Volatility continues in the stock market.
Only this past week, the stock market closed higher. In the week before, the Dow Jones Industrial Average had fallen for the eighth week in a row.
This was the longest “down” streak the Dow has had since 1932! This is important! But it should also be noticed that the S&P 500 and the NASDAQ had, in the previous week, fallen for seven weeks in a row. So, we finally have an “up” week to talk about.
And, what caused the “up” week? Well, there were a number of earnings results, especially in the retail sector, that were positive for investors. Then there was a slight easing in inflation in April.
And, also, there was some feeling in the market that the “worst-case” scenarios were over. There was a feeling that the Federal Reserve had shown the market the future. Two more increases in the Fed’s policy rate of interest of 50 basis points each, and then the Fed’s move was over.
Maybe, Fed Chairman Jerome Powell was “topping out.”
Stocks, some investors claimed, had fallen too far, too fast. But the question still remains, has a bottom in stock prices really been reached?
I Don’t Think So
I don’t believe that we have reached a bottom. The major fear running through the investment community right now is uncertainty. I have written about this for many weeks now. We are in a period of radical uncertainty. There are a lot of known unknowns out there. But, as I have written elsewhere, there are also a lot of unknown unknowns.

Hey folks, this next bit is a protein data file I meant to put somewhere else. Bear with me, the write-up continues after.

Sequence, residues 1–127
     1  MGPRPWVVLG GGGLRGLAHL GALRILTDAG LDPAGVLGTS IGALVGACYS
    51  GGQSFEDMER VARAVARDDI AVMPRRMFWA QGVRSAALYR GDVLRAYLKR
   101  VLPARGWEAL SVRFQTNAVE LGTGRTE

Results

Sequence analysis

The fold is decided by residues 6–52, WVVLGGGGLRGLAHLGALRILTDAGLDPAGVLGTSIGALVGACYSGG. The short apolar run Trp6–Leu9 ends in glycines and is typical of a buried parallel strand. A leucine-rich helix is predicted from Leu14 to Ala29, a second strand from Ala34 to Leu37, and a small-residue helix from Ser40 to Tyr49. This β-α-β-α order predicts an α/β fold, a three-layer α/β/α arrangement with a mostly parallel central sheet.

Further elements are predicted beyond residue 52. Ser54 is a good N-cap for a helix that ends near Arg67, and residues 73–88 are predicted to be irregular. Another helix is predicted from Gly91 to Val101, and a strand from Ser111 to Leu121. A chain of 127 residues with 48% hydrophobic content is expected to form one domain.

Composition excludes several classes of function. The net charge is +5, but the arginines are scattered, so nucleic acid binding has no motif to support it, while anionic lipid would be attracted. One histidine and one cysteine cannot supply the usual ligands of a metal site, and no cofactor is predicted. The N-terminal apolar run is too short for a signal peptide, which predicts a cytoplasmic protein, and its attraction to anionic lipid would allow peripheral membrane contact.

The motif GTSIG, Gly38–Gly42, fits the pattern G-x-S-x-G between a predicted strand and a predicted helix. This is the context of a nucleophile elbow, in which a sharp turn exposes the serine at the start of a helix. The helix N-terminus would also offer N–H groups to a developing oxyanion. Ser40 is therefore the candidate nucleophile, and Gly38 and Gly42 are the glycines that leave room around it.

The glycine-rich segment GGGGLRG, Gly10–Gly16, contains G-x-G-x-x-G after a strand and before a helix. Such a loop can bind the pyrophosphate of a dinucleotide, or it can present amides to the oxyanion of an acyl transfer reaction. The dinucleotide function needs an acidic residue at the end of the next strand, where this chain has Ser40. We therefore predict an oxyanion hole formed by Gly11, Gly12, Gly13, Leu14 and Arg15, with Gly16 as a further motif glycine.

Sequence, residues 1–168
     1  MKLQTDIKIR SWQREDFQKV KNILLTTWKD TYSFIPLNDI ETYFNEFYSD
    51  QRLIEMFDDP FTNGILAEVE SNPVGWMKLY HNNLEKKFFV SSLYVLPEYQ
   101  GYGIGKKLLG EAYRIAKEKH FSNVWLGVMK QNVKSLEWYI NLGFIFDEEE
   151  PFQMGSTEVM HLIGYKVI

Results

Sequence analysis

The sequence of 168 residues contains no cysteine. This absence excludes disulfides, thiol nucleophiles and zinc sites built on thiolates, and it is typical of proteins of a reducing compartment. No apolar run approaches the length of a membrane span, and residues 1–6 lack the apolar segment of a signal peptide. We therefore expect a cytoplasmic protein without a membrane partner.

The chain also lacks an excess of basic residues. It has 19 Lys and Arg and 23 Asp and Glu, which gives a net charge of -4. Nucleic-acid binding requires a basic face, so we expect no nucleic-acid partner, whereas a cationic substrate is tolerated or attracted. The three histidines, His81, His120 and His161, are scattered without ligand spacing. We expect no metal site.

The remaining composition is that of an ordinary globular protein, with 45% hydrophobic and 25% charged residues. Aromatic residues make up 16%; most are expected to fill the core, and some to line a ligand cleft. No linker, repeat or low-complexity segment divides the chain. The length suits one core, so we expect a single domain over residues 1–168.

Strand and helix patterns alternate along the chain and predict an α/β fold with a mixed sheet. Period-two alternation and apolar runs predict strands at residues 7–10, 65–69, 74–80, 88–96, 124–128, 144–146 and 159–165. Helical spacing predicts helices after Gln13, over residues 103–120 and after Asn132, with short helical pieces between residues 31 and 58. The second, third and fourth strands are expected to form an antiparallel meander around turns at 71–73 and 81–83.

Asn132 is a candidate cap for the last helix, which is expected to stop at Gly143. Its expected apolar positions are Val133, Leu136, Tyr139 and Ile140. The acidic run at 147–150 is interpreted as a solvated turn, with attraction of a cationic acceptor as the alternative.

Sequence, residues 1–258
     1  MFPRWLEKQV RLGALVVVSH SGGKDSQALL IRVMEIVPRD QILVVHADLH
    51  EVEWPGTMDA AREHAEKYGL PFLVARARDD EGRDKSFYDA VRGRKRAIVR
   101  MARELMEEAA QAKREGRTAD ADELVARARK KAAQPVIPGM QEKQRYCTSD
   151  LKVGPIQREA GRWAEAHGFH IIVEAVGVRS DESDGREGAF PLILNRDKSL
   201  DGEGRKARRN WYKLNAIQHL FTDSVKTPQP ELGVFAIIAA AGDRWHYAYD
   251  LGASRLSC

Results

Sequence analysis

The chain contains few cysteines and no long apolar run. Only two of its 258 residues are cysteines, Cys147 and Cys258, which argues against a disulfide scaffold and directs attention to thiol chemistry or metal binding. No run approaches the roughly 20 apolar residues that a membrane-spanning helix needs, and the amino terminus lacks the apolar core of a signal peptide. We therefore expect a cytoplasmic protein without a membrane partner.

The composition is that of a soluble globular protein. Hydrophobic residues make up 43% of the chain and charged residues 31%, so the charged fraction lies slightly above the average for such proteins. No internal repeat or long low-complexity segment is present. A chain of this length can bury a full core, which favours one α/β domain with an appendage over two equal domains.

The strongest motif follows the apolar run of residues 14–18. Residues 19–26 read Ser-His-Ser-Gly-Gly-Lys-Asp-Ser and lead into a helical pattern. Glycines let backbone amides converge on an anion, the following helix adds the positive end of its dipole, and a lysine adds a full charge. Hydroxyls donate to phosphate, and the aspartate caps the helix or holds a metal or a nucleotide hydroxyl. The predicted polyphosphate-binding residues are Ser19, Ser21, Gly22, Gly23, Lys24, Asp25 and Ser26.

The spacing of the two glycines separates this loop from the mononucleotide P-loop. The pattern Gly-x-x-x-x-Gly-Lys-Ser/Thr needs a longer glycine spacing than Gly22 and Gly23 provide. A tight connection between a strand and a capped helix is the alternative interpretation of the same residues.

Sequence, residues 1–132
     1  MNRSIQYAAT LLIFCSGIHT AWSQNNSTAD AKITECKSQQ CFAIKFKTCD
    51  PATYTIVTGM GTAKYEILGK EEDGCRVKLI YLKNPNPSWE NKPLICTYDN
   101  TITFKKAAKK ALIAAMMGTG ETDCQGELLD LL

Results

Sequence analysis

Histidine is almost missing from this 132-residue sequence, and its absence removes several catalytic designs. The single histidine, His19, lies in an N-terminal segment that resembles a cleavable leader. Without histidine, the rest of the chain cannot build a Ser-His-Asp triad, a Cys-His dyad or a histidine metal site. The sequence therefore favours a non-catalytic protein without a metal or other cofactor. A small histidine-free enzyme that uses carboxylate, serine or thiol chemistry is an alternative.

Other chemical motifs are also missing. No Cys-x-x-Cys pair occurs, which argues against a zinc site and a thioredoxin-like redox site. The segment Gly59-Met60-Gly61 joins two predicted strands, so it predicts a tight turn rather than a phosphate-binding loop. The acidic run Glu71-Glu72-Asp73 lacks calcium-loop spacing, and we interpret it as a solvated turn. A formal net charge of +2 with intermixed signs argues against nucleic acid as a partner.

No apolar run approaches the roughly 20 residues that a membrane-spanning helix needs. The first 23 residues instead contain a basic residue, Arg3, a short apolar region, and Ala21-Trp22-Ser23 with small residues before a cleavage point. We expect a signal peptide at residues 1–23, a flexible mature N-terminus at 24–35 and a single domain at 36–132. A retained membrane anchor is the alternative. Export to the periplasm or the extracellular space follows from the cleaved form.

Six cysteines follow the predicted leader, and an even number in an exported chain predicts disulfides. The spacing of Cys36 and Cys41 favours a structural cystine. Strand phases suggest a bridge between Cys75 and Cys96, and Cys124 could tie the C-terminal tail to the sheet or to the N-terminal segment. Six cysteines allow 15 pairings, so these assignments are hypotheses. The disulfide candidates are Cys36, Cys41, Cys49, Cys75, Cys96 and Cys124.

The uncertainty we face right now is one where there are a lot of possible outcomes that we can’t put our finger on. I mean, for example, the Russian invasion of Ukraine was an unknown unknown two months ago.
Even some of the known unknowns are hard to understand. What about the future of Covid-19? I haven’t heard any convincing arguments about when this little problem will go away. And then there are the supply chain problems.
We can’t really seem to get a handle on these. What about the baby food shortage? What is the Fed really going to do? And, on and on.
There are just too many things that are still hanging in the wind. We see the VIX index is now maintaining a level of just under 30.00. The University of Michigan’s consumer sentiment index fell to the lowest level since August 2011.
And, there is more.
The S&P 500 Stock Index hit its last new historical high on January 3, 2022. Both it and the other two major indexes have been going downward since. The Dow Jones result is perhaps the most dramatic. Eight weeks in a row, the Dow Jones fell.
Let’s take a little look at the S&P 500 move since January 3.
This chart is particularly important because it shows up just how volatile the stock market has been during this market decline. And, this is the point. Investors are facing the dilemma of radical uncertainty. The markets are going to swing.
The Federal Reserve is going to continue to tighten up on monetary policy with the possibility that the effective Federal Funds rate, which is at 0.83 percent right now, will approach 3.00 percent, 5.00 percent, or more. Some experts are even seeing the effective Federal Funds rate going as high as 8.00 percent.
The stock market, in my mind, will not be going up during 2022 and possibly into 2023. But there is a lot of uncertainty surrounding this. What is going to happen in Ukraine? What is going to happen in China? What is going to happen in the Middle East? And so on and so forth.
This is my picture of the future.